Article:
HOWTO: How to Use Hangeul (Korean) Windows Input Method Editor (IME)

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Article ID: 130053 - View products that this article applies to.
This article was previously published under Q130053
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SUMMARY

Hangeul (Korean) Windows supports the KSC5601-1987 code set, which consists of several thousands Hangeul characters. The Hangeul Windows IME (Input Method Editor) allows the user to enter Hangeul Jamos (24 basic components of Hangeul characters), compose the final characters, and send them to applications.

MORE INFORMATION

When running Hangeul Windows, you will see a small window with three buttons in the lower-left corner:

  • The left button toggles between the Roman "A" character and the Korean character that is pronounced "GA," which Windows uses to symbolize Korean characters.
  • The center button is a graphic of a half box or full box, which selects SBCS or DBCS storage (or display) of Roman (but not Hangeul) characters. Hangeul characters always take up a double-byte space, unlike some Japanese characters (katakana).
  • The right button is the "Hangeul to Hanja" converter.
You can type in English by having the Roman toggle selected. To try typing Hangeul, the main thing to remember is that there is no apparent logical connection between the US 101 keyboard and what the you end up typing. To type like a pro, you need Korean keycaps, a cheat sheet, or a lot of memory in your brain.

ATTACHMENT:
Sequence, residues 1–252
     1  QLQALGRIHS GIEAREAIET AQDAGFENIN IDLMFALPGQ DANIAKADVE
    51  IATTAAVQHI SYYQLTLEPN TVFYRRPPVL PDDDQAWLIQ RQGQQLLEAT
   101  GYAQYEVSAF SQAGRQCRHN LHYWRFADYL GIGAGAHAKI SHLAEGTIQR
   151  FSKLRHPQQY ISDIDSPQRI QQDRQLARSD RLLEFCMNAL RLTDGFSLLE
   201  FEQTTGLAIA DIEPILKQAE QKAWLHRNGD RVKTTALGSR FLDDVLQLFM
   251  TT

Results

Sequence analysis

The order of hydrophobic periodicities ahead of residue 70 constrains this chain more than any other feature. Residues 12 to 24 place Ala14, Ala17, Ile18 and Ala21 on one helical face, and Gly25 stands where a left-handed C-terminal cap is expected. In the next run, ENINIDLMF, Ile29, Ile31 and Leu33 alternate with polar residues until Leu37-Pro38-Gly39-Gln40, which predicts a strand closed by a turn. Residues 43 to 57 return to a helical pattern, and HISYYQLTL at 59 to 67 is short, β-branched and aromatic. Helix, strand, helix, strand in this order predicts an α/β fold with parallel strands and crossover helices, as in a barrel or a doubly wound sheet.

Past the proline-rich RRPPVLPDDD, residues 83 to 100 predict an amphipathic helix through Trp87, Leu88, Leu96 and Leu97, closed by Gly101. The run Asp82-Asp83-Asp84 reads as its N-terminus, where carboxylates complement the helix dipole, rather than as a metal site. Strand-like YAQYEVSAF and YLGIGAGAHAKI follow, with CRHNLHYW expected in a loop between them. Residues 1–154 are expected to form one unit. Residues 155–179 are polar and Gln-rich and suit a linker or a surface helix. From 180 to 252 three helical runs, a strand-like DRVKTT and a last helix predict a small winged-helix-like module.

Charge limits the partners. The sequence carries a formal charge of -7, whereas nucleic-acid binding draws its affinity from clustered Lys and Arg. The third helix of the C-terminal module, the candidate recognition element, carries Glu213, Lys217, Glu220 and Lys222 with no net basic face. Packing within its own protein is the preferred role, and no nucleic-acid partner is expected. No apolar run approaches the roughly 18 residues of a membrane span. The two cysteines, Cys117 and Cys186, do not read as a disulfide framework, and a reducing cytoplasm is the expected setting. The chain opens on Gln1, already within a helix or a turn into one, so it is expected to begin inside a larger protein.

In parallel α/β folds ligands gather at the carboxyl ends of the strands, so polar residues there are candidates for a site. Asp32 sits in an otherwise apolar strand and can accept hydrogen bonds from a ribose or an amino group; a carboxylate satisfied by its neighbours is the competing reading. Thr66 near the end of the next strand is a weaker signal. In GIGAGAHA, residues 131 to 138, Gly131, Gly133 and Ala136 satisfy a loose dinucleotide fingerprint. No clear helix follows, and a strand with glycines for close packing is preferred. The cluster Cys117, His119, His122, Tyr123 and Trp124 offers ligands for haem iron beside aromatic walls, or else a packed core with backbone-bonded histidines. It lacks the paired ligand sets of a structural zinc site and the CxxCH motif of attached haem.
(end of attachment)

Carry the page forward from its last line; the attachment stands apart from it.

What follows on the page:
For example, to type the word "Hangeul" type these characters:
GKS RMF
(Please ignore the spaces between the two characters.) Notice how each group of three keyboard characters assemble a single Hangeul character. Hangeul is often made up of three components (called "Jamos"), but characters can actually be composed of from two to several Jamos.

Here is how to type "Seoul, Korea." Seoul is pronounced locally "sa-ul," so try typing these characters:
TJ DNF ZH FL DK
(Please ignore the spaces between the characters.) The word "Korea" is not a Korean name; it is the English equivalent, just as Japan is really Nippon. The word "Korea" in Korean is "Han-guk," so "Seoul, Hanguk" would be:
TJD NF GKS RNR
The reason to try "Hanguk" instead of "Korea" is that Hanguk can also be spelled with Chinese characters. Put the mouse pointer (cursor) on the left edge of "Han" and click the "Hangeul to Hanja" button. A list box appears. Select choice #1 by typing 1 or by selecting it with the mouse. Do the same for the next character, again selecting choice #1. Then it will display in Hanja.

Most Korean text is in Hangeul not Hanja, notice the 3.1-H readme is all Hangeul. Hanja is still used in Korea - sometimes.

Properties

Article ID: 130053 - Last Review: July 11, 2005 - Revision: 3.1
APPLIES TO
  • Microsoft Platform Software Development Kit-January 2000 Edition
  • Microsoft Win32 Software Development Kit (SDK) 3.5
  • Microsoft Win32s 1.2
Keywords: 
kbhowto kbdbcs kbintldev KB130053

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